The construction industry relies heavily on bilingual workers, with Spanish leading as the most common foreign language spoken by construction workers. Digitizing the training experience with an LMS allows employees to receive training in their preferred language. Removing language barriers ensures employees receive the most impactful instruction and can continually explore professional development opportunities without needing a translator or separate non-English sessions.
Consider a construction firm that recently held a mandatory company-wide OSHA-10 training. Let’s also say they had perfect attendance, and everyone properly completed the necessary documentation to update their certifications. That’s one mandatory certification that’s now up-to-date. What about the others?
While individual employees are responsible for tracking their expiration and renewal dates, it’s the construction company that will be penalized — taking a hit to both its bottom line and brand reputation — for each non-compliant employee.
An LMS allows users to efficiently track training completions and certifications for compliance and even set up alerts to notify employees and employers of upcoming expirations. Required training can be assigned and accessed through the employee portal 24/7, ensuring that every person on a job is educated on the best practices and regulations to keep the workplace injury-free.
Recording safety incidents
Accidents happen, and there’s no denying that construction can be a potentially dangerous job, which is why added safety measures and training are so vital. When safety violations, injuries or fatalities do happen, it’s crucial to report the incident adequately.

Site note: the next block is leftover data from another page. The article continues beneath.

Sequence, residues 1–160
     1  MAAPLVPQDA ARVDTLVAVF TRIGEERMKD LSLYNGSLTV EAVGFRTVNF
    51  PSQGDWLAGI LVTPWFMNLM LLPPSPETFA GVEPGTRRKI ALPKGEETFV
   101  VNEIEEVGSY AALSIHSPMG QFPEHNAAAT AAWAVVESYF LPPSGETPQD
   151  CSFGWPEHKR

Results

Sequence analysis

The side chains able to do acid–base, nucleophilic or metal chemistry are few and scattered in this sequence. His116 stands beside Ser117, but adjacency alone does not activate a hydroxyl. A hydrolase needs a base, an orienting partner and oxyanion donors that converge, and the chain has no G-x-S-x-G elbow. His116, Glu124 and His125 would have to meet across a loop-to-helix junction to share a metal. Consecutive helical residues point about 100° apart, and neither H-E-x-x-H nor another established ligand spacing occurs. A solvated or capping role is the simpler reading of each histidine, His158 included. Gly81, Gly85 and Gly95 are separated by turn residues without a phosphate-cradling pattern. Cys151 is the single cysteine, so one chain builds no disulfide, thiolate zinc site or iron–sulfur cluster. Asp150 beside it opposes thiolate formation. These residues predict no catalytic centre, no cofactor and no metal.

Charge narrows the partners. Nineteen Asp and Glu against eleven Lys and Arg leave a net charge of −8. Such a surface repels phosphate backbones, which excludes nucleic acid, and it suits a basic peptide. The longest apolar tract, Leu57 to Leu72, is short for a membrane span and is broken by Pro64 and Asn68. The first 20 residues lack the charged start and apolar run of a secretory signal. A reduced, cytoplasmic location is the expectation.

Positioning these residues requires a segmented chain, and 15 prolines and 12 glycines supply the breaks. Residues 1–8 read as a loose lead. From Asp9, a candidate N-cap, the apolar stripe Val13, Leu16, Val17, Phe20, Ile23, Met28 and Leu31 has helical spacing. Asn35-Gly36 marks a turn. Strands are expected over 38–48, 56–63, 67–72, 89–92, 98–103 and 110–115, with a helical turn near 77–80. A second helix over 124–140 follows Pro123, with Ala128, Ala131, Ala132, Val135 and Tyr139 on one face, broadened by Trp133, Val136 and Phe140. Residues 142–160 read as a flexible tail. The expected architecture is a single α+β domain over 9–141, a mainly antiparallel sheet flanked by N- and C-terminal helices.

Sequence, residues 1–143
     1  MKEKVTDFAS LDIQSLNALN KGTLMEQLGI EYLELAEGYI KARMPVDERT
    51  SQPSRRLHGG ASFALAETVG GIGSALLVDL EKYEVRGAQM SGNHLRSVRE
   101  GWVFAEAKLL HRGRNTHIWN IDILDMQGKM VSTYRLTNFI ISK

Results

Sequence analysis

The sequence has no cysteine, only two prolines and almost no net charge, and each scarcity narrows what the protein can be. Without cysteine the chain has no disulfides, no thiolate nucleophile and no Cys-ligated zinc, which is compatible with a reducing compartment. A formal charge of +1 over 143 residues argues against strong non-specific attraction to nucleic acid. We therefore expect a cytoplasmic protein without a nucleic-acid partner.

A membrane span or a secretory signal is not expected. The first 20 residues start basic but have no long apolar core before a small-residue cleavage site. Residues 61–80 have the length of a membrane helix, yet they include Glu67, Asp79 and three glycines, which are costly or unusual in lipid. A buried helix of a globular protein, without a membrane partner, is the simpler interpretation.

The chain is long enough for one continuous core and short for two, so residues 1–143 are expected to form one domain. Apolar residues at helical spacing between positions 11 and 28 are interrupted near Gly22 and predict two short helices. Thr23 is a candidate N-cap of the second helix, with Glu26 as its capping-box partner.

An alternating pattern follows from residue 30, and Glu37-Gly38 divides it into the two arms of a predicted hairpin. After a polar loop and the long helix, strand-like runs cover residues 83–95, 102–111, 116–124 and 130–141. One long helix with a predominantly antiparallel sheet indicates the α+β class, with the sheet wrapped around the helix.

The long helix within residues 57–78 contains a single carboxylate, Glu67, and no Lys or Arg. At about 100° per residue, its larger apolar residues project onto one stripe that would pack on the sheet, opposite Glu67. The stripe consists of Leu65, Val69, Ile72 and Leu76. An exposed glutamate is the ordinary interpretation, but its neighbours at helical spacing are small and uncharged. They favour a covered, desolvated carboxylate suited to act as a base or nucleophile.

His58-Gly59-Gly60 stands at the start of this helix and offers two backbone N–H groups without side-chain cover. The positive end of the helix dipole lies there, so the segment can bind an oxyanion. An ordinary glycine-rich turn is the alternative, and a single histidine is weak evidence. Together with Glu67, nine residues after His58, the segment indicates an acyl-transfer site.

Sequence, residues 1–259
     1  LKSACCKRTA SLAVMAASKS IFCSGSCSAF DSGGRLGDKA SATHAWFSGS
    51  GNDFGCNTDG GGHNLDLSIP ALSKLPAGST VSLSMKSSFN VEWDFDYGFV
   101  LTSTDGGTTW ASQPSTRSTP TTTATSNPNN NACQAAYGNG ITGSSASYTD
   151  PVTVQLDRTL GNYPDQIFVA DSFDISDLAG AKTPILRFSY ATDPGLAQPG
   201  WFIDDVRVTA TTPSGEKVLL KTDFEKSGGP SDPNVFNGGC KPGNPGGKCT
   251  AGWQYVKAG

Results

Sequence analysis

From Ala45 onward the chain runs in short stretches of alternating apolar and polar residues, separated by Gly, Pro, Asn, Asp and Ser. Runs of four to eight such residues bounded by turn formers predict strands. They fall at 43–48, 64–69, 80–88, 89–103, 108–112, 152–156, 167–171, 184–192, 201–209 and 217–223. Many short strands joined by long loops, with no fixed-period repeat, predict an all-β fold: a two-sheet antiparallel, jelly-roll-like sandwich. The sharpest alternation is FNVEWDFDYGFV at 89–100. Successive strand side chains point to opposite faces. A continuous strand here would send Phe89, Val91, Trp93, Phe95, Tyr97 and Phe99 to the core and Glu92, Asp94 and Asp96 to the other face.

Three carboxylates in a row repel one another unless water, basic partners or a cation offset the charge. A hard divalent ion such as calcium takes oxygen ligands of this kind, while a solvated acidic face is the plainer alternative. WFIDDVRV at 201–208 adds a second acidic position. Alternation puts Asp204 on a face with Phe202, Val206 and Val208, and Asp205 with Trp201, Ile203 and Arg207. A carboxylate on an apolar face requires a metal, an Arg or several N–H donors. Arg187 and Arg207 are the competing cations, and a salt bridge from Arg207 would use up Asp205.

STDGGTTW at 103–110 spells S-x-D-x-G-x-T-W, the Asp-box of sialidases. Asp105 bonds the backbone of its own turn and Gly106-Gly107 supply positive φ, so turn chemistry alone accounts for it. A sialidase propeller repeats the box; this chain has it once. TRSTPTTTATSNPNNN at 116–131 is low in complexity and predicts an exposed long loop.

Using cloud-based solutions to transition from manual to digital recordkeeping can streamline data collection and empower decision-makers to improve job site conditions by analyzing real-time safety data and trends. Companies can also adopt software that allows supervisors to record in-the-field conditions electronically. This encourages more accurate reporting since the information can be filled out in the moment rather than at the end of the work day, potentially hours after an incident occurred. It can also enhance project-based performance reviews by enabling supervisors to identify areas for improvement and give regular feedback on safety.
In addition, storing reports and training certifications in the cloud instead of a filing cabinet makes it easier to access documentation if OSHA comes calling. This digital solution significantly reduces the risk of misplaced files or clerical errors.
A safer future
Safety isn’t taken lightly in the construction industry. In fact, the consequences for violations and noncompliance are only getting steeper. This year, OSHA increased the maximum penalties for serious and other-than-serious violations from $14,502 per violation to $15,625 per violation. The maximum penalty for willful or repeated violations also increased from $145,027 per violation to $156,259 per violation.
Maintaining and enforcing strict safety standards has long presented challenges for both construction firms and their employees, but technology is cleverly evolving to simplify and streamline safety processes. Now, companies need only open their eyes to the underlying challenges hurting their efforts and implement long-term solutions to ensure their sites are as safe as possible.
Brad Kneeskern is Vice President of Account Management at Arcoro, a provider of HR management solutions for the construction industry. Reach him at firstname.lastname@example.org.